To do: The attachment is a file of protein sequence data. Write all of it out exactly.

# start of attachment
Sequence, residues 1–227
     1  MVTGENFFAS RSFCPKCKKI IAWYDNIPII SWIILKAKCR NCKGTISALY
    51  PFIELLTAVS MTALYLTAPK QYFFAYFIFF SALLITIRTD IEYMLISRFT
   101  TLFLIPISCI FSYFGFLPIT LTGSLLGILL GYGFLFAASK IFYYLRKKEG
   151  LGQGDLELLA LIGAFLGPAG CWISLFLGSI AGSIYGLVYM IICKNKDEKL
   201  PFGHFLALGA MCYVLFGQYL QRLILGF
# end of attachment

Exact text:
Sequence, residues 1–227
     1  MVTGENFFAS RSFCPKCKKI IAWYDNIPII SWIILKAKCR NCKGTISALY
    51  PFIELLTAVS MTALYLTAPK QYFFAYFIFF SALLITIRTD IEYMLISRFT
   101  TLFLIPISCI FSYFGFLPIT LTGSLLGILL GYGFLFAASK IFYYLRKKEG
   151  LGQGDLELLA LIGAFLGPAG CWISLFLGSI AGSIYGLVYM IICKNKDEKL
   201  PFGHFLALGA MCYVLFGQYL QRLILGF